Jo Walker-Meador passed away this morning in Nashville from complications due to a stroke. She was 93.
Even if you haven't heard of her, Meador was a giant in the country music world. She was the first full-time employee hired by the Country Music Association. She dedicated nearly three decades of her life serving as the Executive Director of the CMA, the longest tenure of any person to hold that position.
In the 1950's when Meador was hired, Elvis and rock and roll ruled the airwaves. Country was passé. Meador committed herself to changing that.
Among her accomplishments are the creation and implementation of the Country Music Hall of Fame and the Country Music Awards. In fact, Meador is part of the reason that American country music increased in popularity in foreign countries like Ireland, Australia and Canada.
Today Jo Walker-Meador is being memorialized by the people in the country music industry who knew her best. The CMA sent out a press release containing beautiful remembrances of a life well-lived.
"[...]I never met a harder worker than Jo," said Ed Benson, Former CMA Executive Director, in a statement. "She was an inspiration to all who had the privilege to work with her. I have been lucky to remain close to her since she retired and I felt she loved me like the son she never had."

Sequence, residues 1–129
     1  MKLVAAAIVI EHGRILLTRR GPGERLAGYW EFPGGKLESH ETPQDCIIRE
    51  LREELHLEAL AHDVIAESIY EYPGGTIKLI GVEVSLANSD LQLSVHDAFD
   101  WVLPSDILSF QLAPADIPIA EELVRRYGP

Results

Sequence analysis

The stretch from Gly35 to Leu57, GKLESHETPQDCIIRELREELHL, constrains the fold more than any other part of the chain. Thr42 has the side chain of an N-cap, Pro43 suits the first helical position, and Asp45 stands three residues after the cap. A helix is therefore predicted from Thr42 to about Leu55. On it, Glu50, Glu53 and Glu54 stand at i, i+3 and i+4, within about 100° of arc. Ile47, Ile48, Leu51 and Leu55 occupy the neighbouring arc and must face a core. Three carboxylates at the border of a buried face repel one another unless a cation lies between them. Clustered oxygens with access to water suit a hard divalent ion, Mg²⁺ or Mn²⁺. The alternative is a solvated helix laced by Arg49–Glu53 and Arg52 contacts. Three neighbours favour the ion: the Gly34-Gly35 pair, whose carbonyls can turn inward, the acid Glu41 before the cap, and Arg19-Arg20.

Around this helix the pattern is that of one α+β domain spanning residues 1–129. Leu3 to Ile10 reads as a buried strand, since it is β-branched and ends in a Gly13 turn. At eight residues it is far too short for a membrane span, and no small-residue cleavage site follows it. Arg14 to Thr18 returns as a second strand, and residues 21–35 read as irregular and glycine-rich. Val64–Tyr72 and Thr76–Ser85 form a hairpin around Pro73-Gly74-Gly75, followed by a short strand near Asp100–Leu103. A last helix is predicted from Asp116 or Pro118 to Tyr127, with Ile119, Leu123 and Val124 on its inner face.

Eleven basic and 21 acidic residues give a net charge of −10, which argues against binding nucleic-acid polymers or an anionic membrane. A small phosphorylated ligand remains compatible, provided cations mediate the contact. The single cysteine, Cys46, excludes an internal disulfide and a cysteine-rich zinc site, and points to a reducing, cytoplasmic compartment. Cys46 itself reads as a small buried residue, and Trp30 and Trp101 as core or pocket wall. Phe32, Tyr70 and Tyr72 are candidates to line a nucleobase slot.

Meador did not come from a background in country music prior to working with the CMA, but she quickly found a love for it.
"Her dream was to coach basketball, but she wound up coaching country music all over the world," said Brenda Lee, Country Music Hall of Fame member and former CMA Board member. "She adored the people in Country Music - the fans, the artists, the singers, all the innerworkings. She adored it. And that's what we all loved about her. She loved us. It wasn't just a job to her. She cared. She was a wonderful, kind, sweet person that absolutely gave all."
Meador is survived by her brother Pete Denning, daughter Michelle Walker, and step-children Rob and Karen Meador.